# Can a generalized linear model use shifted exponential as residual distribution?

I am facing a modeling problem:

$t_{ij} = D_i + T_j + \epsilon_{ij}, i=0...641, j\in\mathbb{N}$

where $\epsilon_{ij}$ follows exponential distribution,

$\epsilon_{ij} \sim \lambda e^{-\lambda t}, \lambda \approx 1/26 \mathrm{ns}$.

If $\epsilon_{ij}$ is treated as normal, the problem can be modeled as ANCOVA. For example in R:

# i and j are categorical (factors in R)
lm(t ~ i + j, data)

It works as a good approximation, but the residual plot is highly skewed. I am thinking of treating $\epsilon_{ij}$ as exponential.

In terms of a generalized linear model, I need a shifted exponential as residual distribution. The questions are:

1. Is a shifted exponential distribution in the exponential family?
2. If 1 is yes, how can I express it as an R glm() call? glm can use poisson, binomial, etc. as residual distributions. But no exponential is provided.
3. If 1 is no, what is the best way to fit this model? Should it be generalized nonlinear model (R package gnm) or something else?

I wrote a maximum likelihood fitter for the exponential residual, but it is slow and non-intuitive.

• When you say "ANCONA" what does the second N stand for? Are $D$ and $T$ the parameters in your model or are they predictors? If this is a model with factors in both variables, what does the "C" stand for? – Glen_b Jul 18 '16 at 5:57
• "ANCONA" was a typo. It's analysis of covariance or ANCOVA. $D$ and $T$ are parameters. $i$ and $j$ are predictors. "C" is for Covariance. – heroxbd Jul 19 '16 at 1:41
• $j \in \mathbb{N}$? So you have an infinite number of samples? – Cliff AB Jul 19 '16 at 4:34
• I have a finite number of samples. But the number of samples (data size) does not have an upper limit. – heroxbd Jul 19 '16 at 5:22

GLMs don't model additive errors, they model conditional distributions* -- for an exponential model you have $(Y|\mathbf{x})\sim \text{Exp}(g^{-1}(\mathbf{x}\beta))$ (here using the scale-parameterization of the exponential not the rate-parameterization).

The first model has constant variance, the second has variance that's a function of the mean.

Is a shifted exponential distribution in the exponential family?

No.

how can I express it as an R glm() call? glm can use poisson, binomial, etc. as residual distributions. But no exponential is provided.

The exponential is a special case of the Gamma and is easily done in R ... but it's not shifted exponential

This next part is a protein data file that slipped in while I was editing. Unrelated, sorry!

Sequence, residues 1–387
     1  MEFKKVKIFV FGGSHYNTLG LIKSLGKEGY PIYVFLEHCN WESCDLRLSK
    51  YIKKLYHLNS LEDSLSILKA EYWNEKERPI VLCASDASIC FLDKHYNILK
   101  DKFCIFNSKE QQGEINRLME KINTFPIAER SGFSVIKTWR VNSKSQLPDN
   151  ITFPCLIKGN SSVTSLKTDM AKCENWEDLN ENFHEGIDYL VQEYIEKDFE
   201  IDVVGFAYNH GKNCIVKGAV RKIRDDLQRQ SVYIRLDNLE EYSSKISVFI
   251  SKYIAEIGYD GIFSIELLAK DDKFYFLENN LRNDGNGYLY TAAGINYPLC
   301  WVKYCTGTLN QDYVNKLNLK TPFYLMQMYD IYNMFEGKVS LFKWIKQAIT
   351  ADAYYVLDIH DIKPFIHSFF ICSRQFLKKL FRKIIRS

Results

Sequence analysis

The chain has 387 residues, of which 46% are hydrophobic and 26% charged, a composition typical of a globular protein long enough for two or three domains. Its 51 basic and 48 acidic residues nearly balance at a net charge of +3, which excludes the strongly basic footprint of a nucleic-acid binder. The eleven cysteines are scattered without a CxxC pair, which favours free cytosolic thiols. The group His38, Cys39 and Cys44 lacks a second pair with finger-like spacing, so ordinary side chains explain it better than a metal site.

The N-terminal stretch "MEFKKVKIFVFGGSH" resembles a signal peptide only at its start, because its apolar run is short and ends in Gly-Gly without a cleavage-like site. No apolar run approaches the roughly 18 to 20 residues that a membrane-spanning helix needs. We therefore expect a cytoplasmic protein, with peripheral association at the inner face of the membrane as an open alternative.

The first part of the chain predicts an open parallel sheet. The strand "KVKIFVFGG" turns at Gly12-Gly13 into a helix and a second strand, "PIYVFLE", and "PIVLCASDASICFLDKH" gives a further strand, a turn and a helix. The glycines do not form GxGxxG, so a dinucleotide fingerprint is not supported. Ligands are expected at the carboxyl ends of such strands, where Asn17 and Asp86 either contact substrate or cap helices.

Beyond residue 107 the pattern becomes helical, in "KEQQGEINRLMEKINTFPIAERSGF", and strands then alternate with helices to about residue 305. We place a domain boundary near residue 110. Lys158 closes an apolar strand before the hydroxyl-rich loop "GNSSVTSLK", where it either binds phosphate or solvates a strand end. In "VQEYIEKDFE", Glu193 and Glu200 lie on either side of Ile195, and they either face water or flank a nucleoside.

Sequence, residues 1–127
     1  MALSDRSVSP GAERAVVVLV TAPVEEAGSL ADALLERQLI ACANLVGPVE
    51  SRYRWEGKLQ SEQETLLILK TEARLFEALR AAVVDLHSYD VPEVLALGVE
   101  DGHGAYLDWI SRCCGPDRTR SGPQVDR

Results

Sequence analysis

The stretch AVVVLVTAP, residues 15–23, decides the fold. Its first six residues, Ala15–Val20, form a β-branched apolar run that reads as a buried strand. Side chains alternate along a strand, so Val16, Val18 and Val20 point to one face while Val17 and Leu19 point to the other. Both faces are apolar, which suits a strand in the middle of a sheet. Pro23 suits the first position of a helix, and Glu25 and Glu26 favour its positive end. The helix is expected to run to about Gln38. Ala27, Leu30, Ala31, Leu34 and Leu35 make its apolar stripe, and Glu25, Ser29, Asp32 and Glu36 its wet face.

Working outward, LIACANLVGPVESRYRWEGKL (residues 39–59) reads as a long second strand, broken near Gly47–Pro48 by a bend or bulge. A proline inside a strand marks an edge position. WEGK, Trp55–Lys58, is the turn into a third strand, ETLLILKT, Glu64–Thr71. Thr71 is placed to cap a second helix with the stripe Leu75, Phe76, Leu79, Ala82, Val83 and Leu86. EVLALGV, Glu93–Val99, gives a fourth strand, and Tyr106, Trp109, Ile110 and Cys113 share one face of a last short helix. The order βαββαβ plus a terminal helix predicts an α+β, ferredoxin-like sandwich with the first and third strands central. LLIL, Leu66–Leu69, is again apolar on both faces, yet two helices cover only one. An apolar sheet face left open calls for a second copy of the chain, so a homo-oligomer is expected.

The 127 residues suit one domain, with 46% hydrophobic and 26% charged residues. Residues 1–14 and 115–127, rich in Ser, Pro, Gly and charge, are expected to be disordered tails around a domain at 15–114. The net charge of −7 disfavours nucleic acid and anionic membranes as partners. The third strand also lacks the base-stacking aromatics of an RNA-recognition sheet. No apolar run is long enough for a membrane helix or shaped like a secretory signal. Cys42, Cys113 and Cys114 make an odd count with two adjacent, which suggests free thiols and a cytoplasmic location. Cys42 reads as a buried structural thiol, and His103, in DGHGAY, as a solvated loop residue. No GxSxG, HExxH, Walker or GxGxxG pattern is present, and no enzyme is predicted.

If 1 is no, what is the best way to fit this model? Should it be generalized nonlinear model (R package gnm) or something else?

gnm also assumes exponential family

I don't think MLE is difficult$^\dagger$; if you find the highest hyperplane that has no points below it, it should maximize the likelihood for the location parameters.

One way to find that is via quantile regression (such as the function rq in the package quantreg in R, by seting tau=0)

You can then get a sensible estimate of scale from the mean of the non-zero residuals from that fit (though the ML estimate would include the zero residuals, which is fine, though it will be biased of course). Adding that mean to the intercept from the quantile regression should give the intercept-estimate you were after.

For a pure ANOVA type model this could be overkill (in the sense of there being faster ways to identify parameters) but it seems to work quite nicely on what I tried it on.

* at least not in general; the subset of GLMs that are also LMs being the obvious exception

$^\dagger$ As long as you don't fall for trying to set derivatives to 0 ... just plugging this straight into some vanilla optimizer without a bit of thought first is not likely to work very well in general.

• Thank you very much. I have used rq() from quantreg and it works great. However, rq() is not quite scalable. With a 100MB dataset, the memory footprint could be as large as 64GB. What's your recommendation to do quantile regression on a larger dataset? – heroxbd Nov 17 '16 at 9:46
• Oh .... that's a whole new bucket of issues. It might be best to ask as a new question (with more details about the exact model) as someone else may be better at answering that, but going back to framing it as "find the highest hyperplane that has no points below it" should be doable via faster methods. – Glen_b Nov 17 '16 at 9:54